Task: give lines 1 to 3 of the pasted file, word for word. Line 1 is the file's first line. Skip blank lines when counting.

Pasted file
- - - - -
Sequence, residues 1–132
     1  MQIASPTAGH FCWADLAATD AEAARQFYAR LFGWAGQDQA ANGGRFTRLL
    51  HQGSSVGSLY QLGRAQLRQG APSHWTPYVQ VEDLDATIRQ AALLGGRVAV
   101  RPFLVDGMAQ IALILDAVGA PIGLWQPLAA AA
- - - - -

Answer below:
Sequence, residues 1–132
     1  MQIASPTAGH FCWADLAATD AEAARQFYAR LFGWAGQDQA ANGGRFTRLL
    51  HQGSSVGSLY QLGRAQLRQG APSHWTPYVQ VEDLDATIRQ AALLGGRVAV